“I don’t ever think about winning a next prize. The prize is a validation, yes, but you can’t expect nothing from nobody.” It’s not animated cheerleading, but you shouldn’t expect that from Hosein, who doesn’t deal in false literary hope. His plans to bamboozle his way into the humanities at the University of the West Indies didn’t pan out, so he graduated in his other interests, earning a degree in biology and environmental studies. He doesn’t regret this, or think of it as a second-string career path: teaching science is his bread and butter, and it’s equipped him with ways to think more capably and clearly about his writing. Some of the ecological detail in his Commonwealth prizewinning short story, “Passage”, was lifted directly from his degree, from his own walks on forest trails.
“Passage” is a remarkable story on many fronts. Told from the perspective of a dedicated forester who goes on an unlikely mountainous quest in Trinidad’s Northern Range, it simultaneously suggests a landscape victimised by the exploits of humans, alongside a world in which nature always, ruthlessly, has the final say. Hosein’s narrative was praised for its use of the demotic. Hosein himself seems bemused by the doggedness of this particular plaudit from non-Caribbean readers, critics, and publicists: it is, after all, how we people have been writing for generations, he says. It’s telling, he points out, of how woefully under-read the literary metropolis remains in a range of Caribbean voices, despite recent bookish success emanating from our region.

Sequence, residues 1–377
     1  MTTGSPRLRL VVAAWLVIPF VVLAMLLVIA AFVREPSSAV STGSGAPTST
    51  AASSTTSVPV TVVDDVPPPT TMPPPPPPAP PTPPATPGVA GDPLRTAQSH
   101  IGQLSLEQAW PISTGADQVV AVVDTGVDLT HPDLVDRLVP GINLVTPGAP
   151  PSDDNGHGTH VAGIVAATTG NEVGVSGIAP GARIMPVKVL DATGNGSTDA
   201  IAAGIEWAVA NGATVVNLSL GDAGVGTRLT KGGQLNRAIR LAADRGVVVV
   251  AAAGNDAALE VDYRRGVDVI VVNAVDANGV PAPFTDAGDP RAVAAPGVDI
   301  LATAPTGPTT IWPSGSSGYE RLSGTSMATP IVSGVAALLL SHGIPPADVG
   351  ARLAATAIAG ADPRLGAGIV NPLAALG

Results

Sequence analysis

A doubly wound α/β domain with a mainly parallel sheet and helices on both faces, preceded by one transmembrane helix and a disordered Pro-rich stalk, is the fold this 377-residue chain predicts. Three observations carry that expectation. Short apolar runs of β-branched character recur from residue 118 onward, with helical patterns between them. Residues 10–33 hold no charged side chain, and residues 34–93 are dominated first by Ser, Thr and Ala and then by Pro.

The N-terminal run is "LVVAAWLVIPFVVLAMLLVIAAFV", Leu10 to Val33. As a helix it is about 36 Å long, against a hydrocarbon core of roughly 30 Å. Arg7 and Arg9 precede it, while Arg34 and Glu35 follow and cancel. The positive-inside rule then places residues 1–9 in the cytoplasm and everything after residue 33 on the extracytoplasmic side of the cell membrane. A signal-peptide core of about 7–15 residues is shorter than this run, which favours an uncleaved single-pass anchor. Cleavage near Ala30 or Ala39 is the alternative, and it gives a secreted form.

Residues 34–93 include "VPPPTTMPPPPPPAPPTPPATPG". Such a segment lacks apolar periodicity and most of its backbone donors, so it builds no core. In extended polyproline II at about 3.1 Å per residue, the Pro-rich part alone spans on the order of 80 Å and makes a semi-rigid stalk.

This isn’t Hosein’s first rodeo with the Commonwealth Short Story Prize. He’s entered six times, from 2013 to 2018. In 2015, his story “The King of Settlement 4” won the regional arm of the prize. The first story he ever entered, “The Monkey Trap”, was anthologised in Pepperpot: Best New Stories from the Caribbean, the debut publication of Peekash Press. Hosein, who speaks at length about the handsome list of rejections he’s earned since starting to write, quantifies these six years of entries, largely populated with misses, as part of a larger goal. “No matter how good your writing is, you have to have a plan . . . a scheme.”